The artist Ben Wilson has is known as the 'chewing gum man' because of his tiny pieces of art painstakingly painted onto discarded chewing gum on London's Millennium Bridge. Just steps away from the Tate Modern art gallery, his miniature pieces vie for tourists' attention with works by the likes of Dali and Warhol.
His work has seen him involved in brushes with the police before (and indeed Tate Modern security have also asked him to move on occasion). But now it seems his open-air gallery is to be washed away this weekend (see our pick of the best street art for more inspiration).
Wilson, from Barnet, north London, began turning dropped chewing gum into art in London in around 2003. In 2004, he began working a trail across London creating gum paintings on the way. He's since become something of a fixture on the Millennium Bridge, making the landmark famous for something other than it being wobbly.
He became popular with tourists from around the world, who would ask him to do pieces for them with messages, from declarations of love to references to their home cities." But there are plans to remove his work as part of a deep clean of the bridge this weekend. Artists and fans of Wilson's signed petitions calling for Southwark Council to reverse its decision to remove the chewing gum paintings. At the time of publication, Wilson had been told that he could choose 75 pieces that would be spared from the cleaning process.
Met London's Chewing Gum Man aka Ben Wilson last summer turning the overlooked into marvels. We support Ben and all artists in our city. But a deep clean endangers this treasure @southwarkcouncil So sign the petition 🎨✨ #SaveLondonArt #ChewingGumManArthttps://t.co/PWS9O7Fns7 pic.twitter.com/CCm66LVZR7October 12, 2023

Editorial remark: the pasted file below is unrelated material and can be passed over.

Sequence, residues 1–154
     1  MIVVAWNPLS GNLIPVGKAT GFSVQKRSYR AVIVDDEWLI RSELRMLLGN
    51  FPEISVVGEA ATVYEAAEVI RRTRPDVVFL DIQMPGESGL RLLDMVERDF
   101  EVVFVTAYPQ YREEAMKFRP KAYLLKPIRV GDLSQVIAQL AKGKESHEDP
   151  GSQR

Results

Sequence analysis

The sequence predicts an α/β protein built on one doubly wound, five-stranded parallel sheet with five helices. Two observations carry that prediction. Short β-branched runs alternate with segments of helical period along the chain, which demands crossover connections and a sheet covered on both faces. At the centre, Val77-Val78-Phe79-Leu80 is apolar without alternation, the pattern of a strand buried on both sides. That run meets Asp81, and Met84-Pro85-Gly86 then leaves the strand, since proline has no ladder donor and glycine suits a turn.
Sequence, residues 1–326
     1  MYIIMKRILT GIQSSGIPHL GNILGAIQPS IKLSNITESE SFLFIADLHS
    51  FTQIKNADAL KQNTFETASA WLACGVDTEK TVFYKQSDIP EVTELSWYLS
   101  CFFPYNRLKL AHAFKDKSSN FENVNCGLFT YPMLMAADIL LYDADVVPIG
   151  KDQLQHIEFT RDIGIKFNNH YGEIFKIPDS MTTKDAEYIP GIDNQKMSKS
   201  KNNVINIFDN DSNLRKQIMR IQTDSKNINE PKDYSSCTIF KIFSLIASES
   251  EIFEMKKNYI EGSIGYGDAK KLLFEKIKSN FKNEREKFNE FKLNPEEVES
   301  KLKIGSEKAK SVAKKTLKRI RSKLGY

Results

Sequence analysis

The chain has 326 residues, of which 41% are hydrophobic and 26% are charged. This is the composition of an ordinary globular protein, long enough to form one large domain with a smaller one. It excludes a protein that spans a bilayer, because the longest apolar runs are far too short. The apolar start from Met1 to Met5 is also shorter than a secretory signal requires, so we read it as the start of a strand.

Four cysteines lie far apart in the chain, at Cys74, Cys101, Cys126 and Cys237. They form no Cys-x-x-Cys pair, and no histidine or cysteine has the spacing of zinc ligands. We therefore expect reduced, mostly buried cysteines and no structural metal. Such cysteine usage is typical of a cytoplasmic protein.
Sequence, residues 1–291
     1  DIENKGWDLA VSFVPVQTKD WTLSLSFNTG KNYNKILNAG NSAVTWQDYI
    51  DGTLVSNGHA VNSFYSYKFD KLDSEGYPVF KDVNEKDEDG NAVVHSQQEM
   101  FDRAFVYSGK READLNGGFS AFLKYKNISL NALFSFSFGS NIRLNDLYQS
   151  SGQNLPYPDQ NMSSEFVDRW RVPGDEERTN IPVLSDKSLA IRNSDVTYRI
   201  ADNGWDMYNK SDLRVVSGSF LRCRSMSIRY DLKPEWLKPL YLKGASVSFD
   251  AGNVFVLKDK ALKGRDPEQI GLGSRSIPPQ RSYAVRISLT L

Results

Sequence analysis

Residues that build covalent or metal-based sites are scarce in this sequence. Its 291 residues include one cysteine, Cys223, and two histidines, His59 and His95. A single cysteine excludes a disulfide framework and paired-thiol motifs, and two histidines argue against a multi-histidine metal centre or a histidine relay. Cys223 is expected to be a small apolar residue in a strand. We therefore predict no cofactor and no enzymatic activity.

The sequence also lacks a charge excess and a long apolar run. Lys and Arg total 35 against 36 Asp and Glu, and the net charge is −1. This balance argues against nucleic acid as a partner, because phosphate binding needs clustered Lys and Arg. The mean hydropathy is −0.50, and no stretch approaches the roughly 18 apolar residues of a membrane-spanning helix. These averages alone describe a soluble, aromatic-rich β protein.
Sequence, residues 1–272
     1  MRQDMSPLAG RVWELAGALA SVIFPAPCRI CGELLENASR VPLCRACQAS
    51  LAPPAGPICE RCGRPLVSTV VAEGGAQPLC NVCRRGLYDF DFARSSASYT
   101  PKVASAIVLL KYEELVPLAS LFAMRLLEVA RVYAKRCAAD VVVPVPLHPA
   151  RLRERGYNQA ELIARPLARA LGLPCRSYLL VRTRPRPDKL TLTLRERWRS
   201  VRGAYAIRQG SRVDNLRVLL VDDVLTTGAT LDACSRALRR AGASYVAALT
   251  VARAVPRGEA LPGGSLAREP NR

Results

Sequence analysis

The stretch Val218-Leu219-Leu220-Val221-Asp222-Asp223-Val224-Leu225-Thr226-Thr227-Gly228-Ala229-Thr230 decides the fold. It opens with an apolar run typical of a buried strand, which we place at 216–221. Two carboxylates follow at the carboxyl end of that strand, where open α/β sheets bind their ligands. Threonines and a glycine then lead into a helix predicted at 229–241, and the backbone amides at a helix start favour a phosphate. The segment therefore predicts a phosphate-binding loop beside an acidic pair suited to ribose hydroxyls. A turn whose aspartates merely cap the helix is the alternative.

Wilson insists that his work isn't vandalism and that he's merely turning litter that had already been dropped into something beautiful. "I'm taking something that's literally thrown away and disgusting, taking 'urgh' and making it into 'hmm'," he told the BBC. "They're killjoys'" he added. "It's a poignant message: let's transform rubbish into art."
Groups of artists such as Muswell Hill Creatives have criticised the decision to remove the pieces, and Wilson has been inundated with messages of support on social media from people who like to spot his work. One person writing on Instagram said seeing Wilson's work was "more exciting than anything in the Tate Modern". Perhaps the museum could try to relocate some of the pieces.
Something my kids and I love to do if we're in London is spot the chewing gum art on Millennium Bridge. These tiny pieces of unusual art are by Ben Wilson the self-styled Chewing Gum Man, who has been painstakingly painting mini artworks on discarded pieces of gum since 2004. pic.twitter.com/H3CtnL3uQ3October 6, 2023
Tomorrow please come along at 9am to #milleniumbridge north side as Ben (the chewing gum man) selects the 75 pictures he has painted out of the thousands to survive during refurb. Here's my coat of arms on the south side... #londonart #streetart #thames #chewinggumman pic.twitter.com/2GIWuy9cMGOctober 12, 2023
Ben Wilson, affectionately known as the chewing gum man, has been a treasured part of the #MuswellHill community for many years. His art trail on Millennium Bridge is under threat. Please sign the petition here to stop it being removed.#London https://t.co/9A8lQOMxYm pic.twitter.com/xA0mA0AE3gOctober 3, 2023
Wilson has, however, been taking his art to other locations, including the creation of a small trail in Fife. You can see some of his process in the post below.
See our pick of the best acrylic paints if you're inspired by Wilson's art. You can also see the best prices in your region below.